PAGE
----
It seems clear that the ANC never learnt one of the most fundamental lessons of the apartheid era – that a government or ruling elite which resorts to dirty tricks to retain power is signing its own death warrant.
Details of an ANC “war room” where a covert campaign was cooked up to sow disinformation and smear opposition parties ahead of the local government elections of 2016 emerged after Sihle Bolani, a public relations expert, went to court claiming she had not been paid for her part in the campaign.
Included in the court papers was a report by Bolani detailing how fake EFF posters and a network of social media “influencers” would be used, among other things, to influence voter sentiment in favour of the ANC – without revealing its hand.
This weekend City Press reported on the existence of tape recordings from a meeting at Luthuli House between Bolani, the ANC’s general manager Ignatius Jacobs and Joseph Nkadimeng where the campaign was discussed.
Predictably the ANC is seeking to distance itself from the whole sordid affair, claiming it was the work of individuals.
I suspect that in the end, the individuals implicated in willfully trampling the boundaries of common decency in the name of “love for the movement” will take the fall. As usual, the underlings pay the price.
I’m sure we will hear more about the alleged ANC “war room”. The case instituted by Bolani seems to guarantee this.
What is disconcerting is the fact that had the matter not landed up in court we would still be in the dark about the ugly depths our polity has reached in this country.
And while secrecy may now have gone out of the window, what is also unsettling is the absence of a loud and vigorous public outcry.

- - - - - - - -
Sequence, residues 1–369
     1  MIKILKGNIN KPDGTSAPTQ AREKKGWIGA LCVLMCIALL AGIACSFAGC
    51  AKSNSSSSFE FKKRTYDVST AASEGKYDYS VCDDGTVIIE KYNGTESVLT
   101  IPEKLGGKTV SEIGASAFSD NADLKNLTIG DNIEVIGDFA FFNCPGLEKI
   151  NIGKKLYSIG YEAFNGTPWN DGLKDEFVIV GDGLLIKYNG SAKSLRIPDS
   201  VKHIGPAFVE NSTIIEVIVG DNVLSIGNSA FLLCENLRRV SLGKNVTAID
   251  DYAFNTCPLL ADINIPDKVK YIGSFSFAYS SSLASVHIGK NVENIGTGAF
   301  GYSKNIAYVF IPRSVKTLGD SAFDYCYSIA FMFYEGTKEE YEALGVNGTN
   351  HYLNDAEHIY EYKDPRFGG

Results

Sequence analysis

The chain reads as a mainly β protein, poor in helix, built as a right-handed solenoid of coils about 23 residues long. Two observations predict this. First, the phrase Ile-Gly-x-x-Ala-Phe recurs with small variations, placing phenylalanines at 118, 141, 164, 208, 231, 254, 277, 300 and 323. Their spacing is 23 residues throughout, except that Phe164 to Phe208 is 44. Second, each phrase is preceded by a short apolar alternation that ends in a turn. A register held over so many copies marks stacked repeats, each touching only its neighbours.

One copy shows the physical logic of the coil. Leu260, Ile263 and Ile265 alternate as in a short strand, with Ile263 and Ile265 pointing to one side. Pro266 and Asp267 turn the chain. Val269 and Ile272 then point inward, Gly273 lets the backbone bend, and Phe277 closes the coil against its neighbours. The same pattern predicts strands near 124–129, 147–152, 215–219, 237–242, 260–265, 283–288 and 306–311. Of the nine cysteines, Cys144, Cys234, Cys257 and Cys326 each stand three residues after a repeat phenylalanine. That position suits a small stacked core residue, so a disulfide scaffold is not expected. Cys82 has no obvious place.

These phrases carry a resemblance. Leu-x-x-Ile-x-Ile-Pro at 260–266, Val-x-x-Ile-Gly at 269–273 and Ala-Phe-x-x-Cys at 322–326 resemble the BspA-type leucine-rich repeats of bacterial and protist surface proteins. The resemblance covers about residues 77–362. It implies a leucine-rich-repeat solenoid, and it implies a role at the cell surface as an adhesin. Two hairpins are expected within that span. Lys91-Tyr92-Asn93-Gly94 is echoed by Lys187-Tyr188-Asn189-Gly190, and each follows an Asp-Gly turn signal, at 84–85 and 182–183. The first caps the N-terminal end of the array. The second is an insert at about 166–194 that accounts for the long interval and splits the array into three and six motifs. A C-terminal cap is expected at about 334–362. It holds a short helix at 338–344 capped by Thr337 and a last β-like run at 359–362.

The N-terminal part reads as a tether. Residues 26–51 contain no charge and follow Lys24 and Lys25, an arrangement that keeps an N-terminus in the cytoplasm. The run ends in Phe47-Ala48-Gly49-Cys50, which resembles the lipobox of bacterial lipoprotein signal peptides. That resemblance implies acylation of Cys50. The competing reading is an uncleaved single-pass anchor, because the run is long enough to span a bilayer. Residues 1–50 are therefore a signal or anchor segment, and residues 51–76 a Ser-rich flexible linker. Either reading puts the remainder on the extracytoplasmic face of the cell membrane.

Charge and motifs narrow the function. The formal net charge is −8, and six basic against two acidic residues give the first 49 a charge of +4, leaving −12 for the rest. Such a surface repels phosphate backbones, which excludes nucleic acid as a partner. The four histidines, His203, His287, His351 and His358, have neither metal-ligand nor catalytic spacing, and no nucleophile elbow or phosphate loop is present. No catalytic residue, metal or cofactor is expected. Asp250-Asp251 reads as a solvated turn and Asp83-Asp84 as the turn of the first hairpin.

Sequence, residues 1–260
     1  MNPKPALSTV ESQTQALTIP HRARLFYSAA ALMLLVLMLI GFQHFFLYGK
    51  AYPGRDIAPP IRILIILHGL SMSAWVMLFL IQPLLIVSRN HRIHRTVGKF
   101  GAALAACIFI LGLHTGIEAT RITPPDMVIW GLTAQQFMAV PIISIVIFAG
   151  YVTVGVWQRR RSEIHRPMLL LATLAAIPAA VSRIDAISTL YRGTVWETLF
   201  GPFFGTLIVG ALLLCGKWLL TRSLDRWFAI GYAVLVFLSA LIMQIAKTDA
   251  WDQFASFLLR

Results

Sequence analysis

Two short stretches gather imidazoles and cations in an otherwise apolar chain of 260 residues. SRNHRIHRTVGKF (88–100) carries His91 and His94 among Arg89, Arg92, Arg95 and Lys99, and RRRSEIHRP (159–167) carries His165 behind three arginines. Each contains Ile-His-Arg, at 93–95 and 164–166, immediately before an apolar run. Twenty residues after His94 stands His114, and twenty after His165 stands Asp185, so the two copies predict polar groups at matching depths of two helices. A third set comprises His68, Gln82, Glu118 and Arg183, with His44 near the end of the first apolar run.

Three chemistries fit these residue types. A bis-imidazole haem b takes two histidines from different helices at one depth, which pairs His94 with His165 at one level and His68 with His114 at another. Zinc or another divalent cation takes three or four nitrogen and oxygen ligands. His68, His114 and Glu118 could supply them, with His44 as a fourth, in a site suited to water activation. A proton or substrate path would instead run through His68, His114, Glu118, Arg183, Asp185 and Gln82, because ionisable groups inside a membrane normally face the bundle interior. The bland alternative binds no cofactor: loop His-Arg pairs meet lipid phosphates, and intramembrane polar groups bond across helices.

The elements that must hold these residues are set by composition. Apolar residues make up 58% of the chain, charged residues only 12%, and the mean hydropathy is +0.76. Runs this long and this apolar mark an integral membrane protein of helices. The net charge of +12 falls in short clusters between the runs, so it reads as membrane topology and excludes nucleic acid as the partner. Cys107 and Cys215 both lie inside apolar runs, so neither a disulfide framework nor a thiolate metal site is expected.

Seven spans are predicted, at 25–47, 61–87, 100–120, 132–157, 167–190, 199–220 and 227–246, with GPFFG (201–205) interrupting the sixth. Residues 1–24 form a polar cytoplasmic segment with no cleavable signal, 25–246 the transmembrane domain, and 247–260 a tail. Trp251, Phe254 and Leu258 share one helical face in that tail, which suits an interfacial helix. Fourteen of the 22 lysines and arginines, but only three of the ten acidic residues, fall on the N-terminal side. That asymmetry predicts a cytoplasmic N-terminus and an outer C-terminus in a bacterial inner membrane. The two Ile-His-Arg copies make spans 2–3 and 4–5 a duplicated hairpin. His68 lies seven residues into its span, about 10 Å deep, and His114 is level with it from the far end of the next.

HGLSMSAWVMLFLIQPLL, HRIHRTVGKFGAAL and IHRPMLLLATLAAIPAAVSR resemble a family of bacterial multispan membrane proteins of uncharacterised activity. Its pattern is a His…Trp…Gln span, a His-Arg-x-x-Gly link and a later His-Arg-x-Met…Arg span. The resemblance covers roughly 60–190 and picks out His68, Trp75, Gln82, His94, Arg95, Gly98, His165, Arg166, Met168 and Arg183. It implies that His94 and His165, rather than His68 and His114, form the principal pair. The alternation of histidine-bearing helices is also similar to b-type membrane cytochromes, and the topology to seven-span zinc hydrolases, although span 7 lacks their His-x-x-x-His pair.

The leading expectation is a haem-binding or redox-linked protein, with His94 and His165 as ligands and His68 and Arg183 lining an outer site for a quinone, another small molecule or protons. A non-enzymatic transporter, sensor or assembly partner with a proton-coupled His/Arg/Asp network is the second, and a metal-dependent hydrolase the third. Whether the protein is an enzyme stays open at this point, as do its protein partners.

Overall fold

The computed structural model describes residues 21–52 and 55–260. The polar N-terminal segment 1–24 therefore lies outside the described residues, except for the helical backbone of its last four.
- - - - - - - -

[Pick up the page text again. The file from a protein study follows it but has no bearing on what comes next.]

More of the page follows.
It seems to have escaped the ANC of today, and possibly even the rest of us, that leadership is an area in which ethical conduct is not a choice, but a necessity.
Ethical conduct by leaders is what seals the trust between those who mandate and those who are mandated. Once this trust is broken, the massive legitimate power given to leaders by the people will be withdrawn.
And once ethical conduct has gone and trust has been broken, all that is left behind is a bunch of criminals who will fight, kill and maim to illegitimately hang onto power.
This is the tragedy we are witnessing as the ruling party continues to give up legitimate power.
In so doing, it is also giving up its ability to deal with the countless challenges facing South Africa.
The issue of the illegal bailouts given to Bankorp, which was subsequently bought by Absa, is one example.
The story was recently thrust back into the limelight. The plunder was real enough, but the context, the timing and the rushed manner in which the documents were leaked from the public protector’s office raised massive suspicions about the intended objective.
At the end of the day the question is this: If our government, has chosen the path of political expediency and dominance by an amoral political elite, what hope do we have of it honestly tackling the wrongs of the past?
If there is an absence of ethics and common decency, how will the looting which took place prior to 1994 and before the subsequent looting began, ever be addressed effectively?
The thing about power is that it creates power clubs. The current elite has tasted the sweet nectar that derives from their membership of one of these. And because they are in a power club, they find no reason to dismantle it.
They are the big boys now, they own it, this is how the big boys roll!
But this is a delusion. The true nature of mankind is such that it always pushes us to seek after an egalitarian society.
It is a quest that will never end until we see the manifestation of equality and the greater good.
Until then we will continue to strive after it regardless of who has been endowed with legitimate power or who has usurped power illegitimately.
The sooner our leaders realise that the better.